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Announcing the B&N Nook Membership Program*

*A purely fictional club that exists solely in Joe's imagination

If you saw our earnings announcement yesterday you realize we need to get creative in a hurry. Flat Nook performance in a rapidly growing ebook world just isn’t going to cut it. That’s why we brought our brightest minds together and created the exciting new Nook Membership program.

Here are the specifics:

  • $49 annual fee — Before you start complaining we want you to know that you can apply that $49 to the price of a new Nook each year. That’s right. That $139 Nook with GlowLight now only costs you $90 when you join. That’s $9 less than the other guy’s K***** Touch, and theirs doesn’t come with the nifty light. And since we want you upgrading to a new device every year you can always apply your membership fee towards your next Nook device purchase.
  • Print book trade-in — This is the feature you’ve been waiting for. Bring your print books into any one of our locations and we’ll exchange them for Nook editions. It’s a terrific opportunity to free up some space around the house and move your library onto your Nook. All trade-ins will be donated to local libraries and charities so there’s a feel-good aspect to this as well.
  • Unlimited lending — It’s your book. Why shouldn’t you be able to lend it out as often as you’d lend a print book? Enough of the “lend once, 14 day max” limitations! As a member of the Nook club you’ll be able to lend your book to other members as often as you like and for as long as you like. We’re even setting up a lending discovery site where you can see if other members have books you can borrow.
  • Exclusive access to pre-release content — The publishing industry is giving us a 2-week jump on the competition. That means every new publication will be available exclusively through the Nook store for the first 2 weeks. You want that new book for your K*****? You’ll have to wait, my friend.

So what are you waiting for? Sign up now, before the publishing industry changes its mind about all these great features!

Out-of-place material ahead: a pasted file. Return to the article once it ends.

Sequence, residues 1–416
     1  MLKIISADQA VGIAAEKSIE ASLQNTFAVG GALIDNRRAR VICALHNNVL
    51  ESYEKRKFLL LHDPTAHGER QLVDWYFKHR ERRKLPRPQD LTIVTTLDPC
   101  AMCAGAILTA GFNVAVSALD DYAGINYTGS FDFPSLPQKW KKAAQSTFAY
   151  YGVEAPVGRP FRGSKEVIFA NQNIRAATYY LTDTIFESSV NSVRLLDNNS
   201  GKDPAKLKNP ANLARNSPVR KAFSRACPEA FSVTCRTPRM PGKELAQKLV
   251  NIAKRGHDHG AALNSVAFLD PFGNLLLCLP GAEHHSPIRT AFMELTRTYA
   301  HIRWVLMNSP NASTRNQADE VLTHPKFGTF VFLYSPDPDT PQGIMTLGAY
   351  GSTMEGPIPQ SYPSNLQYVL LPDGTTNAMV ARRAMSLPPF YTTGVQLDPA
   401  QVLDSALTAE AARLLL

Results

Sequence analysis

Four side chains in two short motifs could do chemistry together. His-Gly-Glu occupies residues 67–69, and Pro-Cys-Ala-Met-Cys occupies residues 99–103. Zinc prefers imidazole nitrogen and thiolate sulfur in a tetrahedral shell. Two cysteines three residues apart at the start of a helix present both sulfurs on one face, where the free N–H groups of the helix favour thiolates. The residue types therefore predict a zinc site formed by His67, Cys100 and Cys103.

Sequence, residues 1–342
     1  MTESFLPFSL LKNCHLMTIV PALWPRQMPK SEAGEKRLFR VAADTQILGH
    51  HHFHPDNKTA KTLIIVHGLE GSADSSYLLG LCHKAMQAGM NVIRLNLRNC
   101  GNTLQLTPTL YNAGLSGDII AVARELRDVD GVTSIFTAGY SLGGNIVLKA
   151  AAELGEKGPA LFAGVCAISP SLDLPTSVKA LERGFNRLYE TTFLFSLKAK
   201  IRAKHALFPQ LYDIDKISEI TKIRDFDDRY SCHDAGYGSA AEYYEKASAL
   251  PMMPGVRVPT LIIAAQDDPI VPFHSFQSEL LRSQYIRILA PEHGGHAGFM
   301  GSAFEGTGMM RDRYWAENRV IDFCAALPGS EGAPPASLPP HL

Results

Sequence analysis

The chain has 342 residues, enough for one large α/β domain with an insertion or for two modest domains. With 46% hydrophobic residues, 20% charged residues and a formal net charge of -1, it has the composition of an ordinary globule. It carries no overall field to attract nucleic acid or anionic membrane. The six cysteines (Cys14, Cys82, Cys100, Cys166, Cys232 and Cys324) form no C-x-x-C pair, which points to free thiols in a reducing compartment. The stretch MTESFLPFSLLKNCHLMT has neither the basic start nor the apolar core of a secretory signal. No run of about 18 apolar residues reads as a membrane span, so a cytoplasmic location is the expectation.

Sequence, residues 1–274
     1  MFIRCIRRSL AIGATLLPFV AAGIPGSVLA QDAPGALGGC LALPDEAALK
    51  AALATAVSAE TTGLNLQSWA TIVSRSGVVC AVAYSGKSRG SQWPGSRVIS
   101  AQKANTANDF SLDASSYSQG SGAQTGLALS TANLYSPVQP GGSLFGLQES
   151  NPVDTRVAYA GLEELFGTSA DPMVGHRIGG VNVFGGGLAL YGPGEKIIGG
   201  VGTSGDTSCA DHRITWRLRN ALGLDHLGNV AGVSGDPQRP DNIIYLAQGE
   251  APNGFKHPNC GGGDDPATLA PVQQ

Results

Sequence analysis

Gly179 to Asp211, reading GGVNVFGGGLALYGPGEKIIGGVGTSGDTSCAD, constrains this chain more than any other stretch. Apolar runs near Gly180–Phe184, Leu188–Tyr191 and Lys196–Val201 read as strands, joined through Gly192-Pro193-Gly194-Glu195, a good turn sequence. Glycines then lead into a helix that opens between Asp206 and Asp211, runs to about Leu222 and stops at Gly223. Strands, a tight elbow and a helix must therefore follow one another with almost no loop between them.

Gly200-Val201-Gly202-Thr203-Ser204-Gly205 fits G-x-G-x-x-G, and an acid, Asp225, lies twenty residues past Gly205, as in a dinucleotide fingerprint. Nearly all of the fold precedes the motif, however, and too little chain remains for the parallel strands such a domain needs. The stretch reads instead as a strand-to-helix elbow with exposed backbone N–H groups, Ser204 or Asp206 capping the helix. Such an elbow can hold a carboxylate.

OK, it was all just a dream. I mean, why in the world would publishers allow B&N to trade in their print books for ebooks? We want some revenue from that conversion, darn it! And there’s no way we’d ever grant exclusive access to one retailer. That’s insane.

But what if we could? If it helps prevent one retailer from establishing a monopoly position shouldn’t we consider options like this? Tell us what you think.

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Comments: 4

  1. The only way it would make sense for somebody to take print book trade-ins for credit against purchases of ebooks would be if that somebody (the club, in your case) were using his own money.  So in your scenario, your club would have to buy the ebooks to sell them, and sell the print books to bring in income.  Perhaps there could be workable arrangements for doing that, where publishers offer their ebooks to sellers at a preferential price for some reasons, etc.

    • My assumption is that the publishers would allow B&N to give trade-in customers the ebooks. Sorry that I didn’t explicitly state that in the original article. In order to provide more competition in the ebook marketplace I was suggesting that publishers not charge B&N for the trade-ins. So does this result in lost revenue for the publisher? Possibly, but only for those customers who were really going to pay for the e-version when they already own the print version. There’s probably also some tax write-off benefit the publisher could realize from this.

  2. Since it’s in everyone’s interest to slow A***** down, I can see the publishers buying into this. Unfortunately, B&N has proven very slow to understand what’s going on and counter the competition. As an author who publishes on both, I can tell you that the tools and advantages on the dark side are far superior. As a Nook owner, I lament this.

  3. I’d much rather prefer that B&N:
    -Offer well formatted epubs (I’ve had several that just didn’t display correctly on my Nook Color).
    -Correct published epubs with errata and automatically ship them to my device.
    -Reduce price of all epubs to the mass market price.
    -Add a blasted shopping cart to their epub purchasing experience instead of making me approve each and every purchase
    -Offer more information about the epubs I’m looking at on the Nook Color screen (Just bought 2 epubs for $11 each that were too short to cover the subject adequately. Total letdown and a waste of $22).

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